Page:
Fighting the Battle for the Mind of North America – David Cronenberg: The Exhibition
David Cronenberg – The Exhibition, currently at EYE Amsterdam, is dark and sinister. And that is a compliment. Walking into the exhibition space feels akin to setting foot in another dimension. The room is shrouded in darkness. The objects on display belong to a different universe. The sounds from Cronenberg’s many films mix to create a sound scape full of angst and suspense. Shivers run down my spine.
Slowly I walk past the exhibits. I hover over the typewriter used in Naked Lunch. Incredulously I stare at the metal contraption worn by one of the characters in Crash. Intrigued I look at the game console from Existenz. Bemused I circle the Telepod from The Fly. I read first drafts of scripts, I look at film clips, I study storyboards. Just like the hand coming out of the television set in Videodrome to grab Max Renn, I am drawn in by the exhibition. Helplessly, I give myself over to the experience.
Just like the hand coming out of the television set in Videodrome to grab Max Renn, I am drawn in by the exhibition. Helplessly, I give myself over to the experience.
The show itself is divided in three parts, which are partly chronological, partly thematic. Cronenberg’s early films deal with the question: Who made me? At the start of his career, the director is obsessed with well-meaning father figures that experiment on innocent victims. Movies such as Shivers, Rabid and Crimes of the Future are used to illustrate the point. The second part tries to provide answers to the question: Who am I? Crash, Dead Ringers and The Fly are on hand to explore this particular topic. The final part of the exhibition deals with Cronenberg’s more recent work. It also tries to formulate a response to the question: Who are we? A History of Violence, Eastern Promises and A Dangerous Method show possible and perturbing answers. Considering that Cronenberg’s career spans close to forty years, even his earliest films remain utterly relevant to this day. The consistency of his oeuvre is remarkable as well as his dogged pursuit in finding satisfying answers to the questions raised.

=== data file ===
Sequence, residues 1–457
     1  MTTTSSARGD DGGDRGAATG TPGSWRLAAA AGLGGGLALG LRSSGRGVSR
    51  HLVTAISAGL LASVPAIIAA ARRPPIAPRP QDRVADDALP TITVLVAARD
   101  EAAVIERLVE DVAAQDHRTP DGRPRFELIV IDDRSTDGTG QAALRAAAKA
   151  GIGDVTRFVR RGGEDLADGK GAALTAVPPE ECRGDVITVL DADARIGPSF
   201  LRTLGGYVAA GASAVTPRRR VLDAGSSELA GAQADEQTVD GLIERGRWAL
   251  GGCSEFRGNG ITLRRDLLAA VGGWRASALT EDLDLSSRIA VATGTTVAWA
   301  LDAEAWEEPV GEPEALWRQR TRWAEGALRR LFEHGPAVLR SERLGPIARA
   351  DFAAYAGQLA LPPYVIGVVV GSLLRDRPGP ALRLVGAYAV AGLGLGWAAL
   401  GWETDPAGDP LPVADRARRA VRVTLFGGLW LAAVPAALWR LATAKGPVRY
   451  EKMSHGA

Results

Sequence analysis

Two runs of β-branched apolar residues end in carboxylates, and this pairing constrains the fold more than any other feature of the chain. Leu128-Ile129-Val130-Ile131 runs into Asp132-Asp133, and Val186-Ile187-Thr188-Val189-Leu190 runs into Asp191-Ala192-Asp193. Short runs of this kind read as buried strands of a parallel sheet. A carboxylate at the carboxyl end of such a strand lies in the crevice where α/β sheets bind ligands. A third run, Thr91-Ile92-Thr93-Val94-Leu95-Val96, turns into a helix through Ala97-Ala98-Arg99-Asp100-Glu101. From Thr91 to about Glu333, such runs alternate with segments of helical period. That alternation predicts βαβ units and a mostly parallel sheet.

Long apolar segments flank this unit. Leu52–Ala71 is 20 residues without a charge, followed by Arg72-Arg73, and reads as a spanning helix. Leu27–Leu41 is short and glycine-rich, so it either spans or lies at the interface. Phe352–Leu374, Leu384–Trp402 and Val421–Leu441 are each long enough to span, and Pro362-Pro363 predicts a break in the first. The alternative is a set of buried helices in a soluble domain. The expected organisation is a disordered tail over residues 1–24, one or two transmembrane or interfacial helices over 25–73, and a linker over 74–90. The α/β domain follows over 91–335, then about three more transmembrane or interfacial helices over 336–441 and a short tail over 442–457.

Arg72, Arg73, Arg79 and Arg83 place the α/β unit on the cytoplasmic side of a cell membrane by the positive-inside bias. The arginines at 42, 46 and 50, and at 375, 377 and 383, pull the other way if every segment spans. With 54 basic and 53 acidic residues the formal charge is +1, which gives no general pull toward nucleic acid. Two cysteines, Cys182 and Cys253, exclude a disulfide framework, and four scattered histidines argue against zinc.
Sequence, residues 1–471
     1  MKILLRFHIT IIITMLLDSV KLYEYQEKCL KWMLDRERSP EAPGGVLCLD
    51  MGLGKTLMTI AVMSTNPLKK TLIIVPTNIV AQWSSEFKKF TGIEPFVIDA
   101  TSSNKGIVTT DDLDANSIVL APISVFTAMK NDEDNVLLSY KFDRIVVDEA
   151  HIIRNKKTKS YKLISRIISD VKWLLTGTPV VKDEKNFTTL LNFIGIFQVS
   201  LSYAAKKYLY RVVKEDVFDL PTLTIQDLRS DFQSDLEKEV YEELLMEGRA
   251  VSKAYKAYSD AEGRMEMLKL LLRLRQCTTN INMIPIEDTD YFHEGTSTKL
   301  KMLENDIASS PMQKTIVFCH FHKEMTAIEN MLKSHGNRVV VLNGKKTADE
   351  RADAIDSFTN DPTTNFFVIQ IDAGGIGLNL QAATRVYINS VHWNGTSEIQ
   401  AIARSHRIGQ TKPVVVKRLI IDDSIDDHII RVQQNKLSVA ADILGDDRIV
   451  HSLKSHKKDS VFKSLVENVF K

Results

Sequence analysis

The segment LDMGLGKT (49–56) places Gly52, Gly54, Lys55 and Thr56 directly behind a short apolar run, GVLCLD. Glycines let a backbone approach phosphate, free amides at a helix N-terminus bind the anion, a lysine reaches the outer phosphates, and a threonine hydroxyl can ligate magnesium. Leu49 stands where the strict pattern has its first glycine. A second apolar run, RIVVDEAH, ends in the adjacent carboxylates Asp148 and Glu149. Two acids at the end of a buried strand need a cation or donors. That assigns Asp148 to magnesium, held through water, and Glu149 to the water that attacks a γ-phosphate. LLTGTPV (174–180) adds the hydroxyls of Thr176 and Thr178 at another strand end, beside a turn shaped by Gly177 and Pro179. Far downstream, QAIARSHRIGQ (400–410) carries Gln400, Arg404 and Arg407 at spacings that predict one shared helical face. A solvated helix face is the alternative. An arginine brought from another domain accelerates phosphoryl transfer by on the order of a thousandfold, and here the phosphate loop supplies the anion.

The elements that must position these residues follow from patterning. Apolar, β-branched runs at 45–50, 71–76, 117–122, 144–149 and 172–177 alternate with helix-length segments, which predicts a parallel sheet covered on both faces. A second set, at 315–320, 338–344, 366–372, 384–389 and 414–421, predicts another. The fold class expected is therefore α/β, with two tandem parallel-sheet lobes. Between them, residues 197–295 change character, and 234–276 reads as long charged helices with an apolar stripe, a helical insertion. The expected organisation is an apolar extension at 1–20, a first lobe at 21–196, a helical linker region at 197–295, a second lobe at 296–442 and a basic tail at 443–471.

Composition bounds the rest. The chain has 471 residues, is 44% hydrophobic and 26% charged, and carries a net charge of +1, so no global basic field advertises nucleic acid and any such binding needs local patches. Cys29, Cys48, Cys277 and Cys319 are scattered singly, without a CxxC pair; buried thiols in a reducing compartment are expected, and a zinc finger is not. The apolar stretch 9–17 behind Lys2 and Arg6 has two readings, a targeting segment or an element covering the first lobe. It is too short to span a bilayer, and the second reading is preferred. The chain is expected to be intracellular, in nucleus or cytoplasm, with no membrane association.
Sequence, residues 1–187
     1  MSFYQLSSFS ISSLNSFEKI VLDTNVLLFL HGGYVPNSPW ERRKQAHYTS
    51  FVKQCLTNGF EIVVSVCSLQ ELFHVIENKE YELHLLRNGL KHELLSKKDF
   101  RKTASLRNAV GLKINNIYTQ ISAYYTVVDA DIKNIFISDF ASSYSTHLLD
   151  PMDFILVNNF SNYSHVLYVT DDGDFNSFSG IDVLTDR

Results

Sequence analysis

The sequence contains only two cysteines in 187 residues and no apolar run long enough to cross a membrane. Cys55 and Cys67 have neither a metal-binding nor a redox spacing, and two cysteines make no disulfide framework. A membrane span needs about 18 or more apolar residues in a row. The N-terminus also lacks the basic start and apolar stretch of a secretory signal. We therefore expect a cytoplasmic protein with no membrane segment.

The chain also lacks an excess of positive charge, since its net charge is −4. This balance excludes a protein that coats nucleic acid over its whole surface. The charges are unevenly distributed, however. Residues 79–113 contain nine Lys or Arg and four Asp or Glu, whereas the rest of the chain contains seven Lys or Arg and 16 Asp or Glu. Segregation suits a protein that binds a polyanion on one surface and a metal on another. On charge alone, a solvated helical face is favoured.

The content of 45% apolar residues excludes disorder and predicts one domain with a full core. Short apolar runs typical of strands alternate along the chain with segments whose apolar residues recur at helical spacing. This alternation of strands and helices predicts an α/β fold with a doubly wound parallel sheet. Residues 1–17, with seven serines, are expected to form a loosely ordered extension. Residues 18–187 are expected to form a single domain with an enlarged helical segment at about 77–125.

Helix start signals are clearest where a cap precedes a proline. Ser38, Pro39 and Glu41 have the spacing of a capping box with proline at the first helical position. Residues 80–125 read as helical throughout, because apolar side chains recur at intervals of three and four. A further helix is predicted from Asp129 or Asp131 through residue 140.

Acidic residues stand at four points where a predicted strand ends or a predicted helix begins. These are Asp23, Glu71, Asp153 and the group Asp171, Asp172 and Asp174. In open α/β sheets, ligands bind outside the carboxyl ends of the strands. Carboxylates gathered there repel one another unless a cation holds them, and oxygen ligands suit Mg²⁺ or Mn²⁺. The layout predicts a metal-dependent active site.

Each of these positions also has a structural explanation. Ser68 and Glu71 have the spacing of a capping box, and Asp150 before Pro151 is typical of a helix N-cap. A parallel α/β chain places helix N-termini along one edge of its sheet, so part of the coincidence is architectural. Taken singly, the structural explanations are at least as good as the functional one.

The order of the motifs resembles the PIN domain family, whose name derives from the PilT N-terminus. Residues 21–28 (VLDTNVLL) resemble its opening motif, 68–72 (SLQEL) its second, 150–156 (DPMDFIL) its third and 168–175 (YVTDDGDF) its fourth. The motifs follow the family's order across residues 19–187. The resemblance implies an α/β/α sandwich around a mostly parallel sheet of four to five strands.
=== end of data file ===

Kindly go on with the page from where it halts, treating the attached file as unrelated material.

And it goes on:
Overall, the exhibition is well thought out and well designed. Every film in Cronenberg’s oeuvre is given its own dedicated wall space. An impression of the movie is given by cleverly using a small number of exhibits. This can take the form of props from the set, drawn up story boards, parts of the script, photographs taken on set, and used costumes. The visitor is treated to a short clip from each film, usually accompanied by a little sneak peek behind the scenes. Perhaps unsurprisingly, special attention is given to Cronenberg’s best known films: Videodrome, Naked Lunch and Existenz. These are presented with longer clips shown on bigger screens, accompanied by more props and attributes and a more in-depth explanation about both the content as well as the making of.
The exhibition works precisely because of our fetishism with objects, our addiction to new media, our obsession with technology.
Sex, death, violence, fetishism, media and technology are recurring topics in Cronenberg’s work. Watching the film clips, we fall in love with Deborah Harry, Viggo Mortensen and Jeremy Irons all over again. The poster for Civic TV used in Videodrome is simple yet elegant in its design. The surgical instruments from Dead Ringers are appalling and intriguing in equal manner. The careful attention paid to the packaging of computer games in Existenz is stunning. The period dresses from A Dangerous Method let me drift away to another place, another era. The exhibition works precisely because of our fetishism with objects, our addiction to new media, our obsession with technology.
The vast part of the exhibition is presented in one large gallery space, and this would have been sufficient. Somewhat unnecessarily, an additional exhibition space was given over to the bar from Naked Lunch, complete with a mugwump perched on a stool and a shot of whiskey. The room also contained a screen showing interview clips with the director himself as well as two desktops where the visitor could create a virtual exhibition of his work. The space felt like an afterthought and the exhibition could have done without it. Nonetheless, just like Cronenberg’s films, the exhibition captured my mind in a way I had never anticipated. A must see.
David Cronenberg – The Exhibition runs to 14 September 2014 at EYE Amsterdam.
This review has been submitted for the Frieze Art Writers Prize.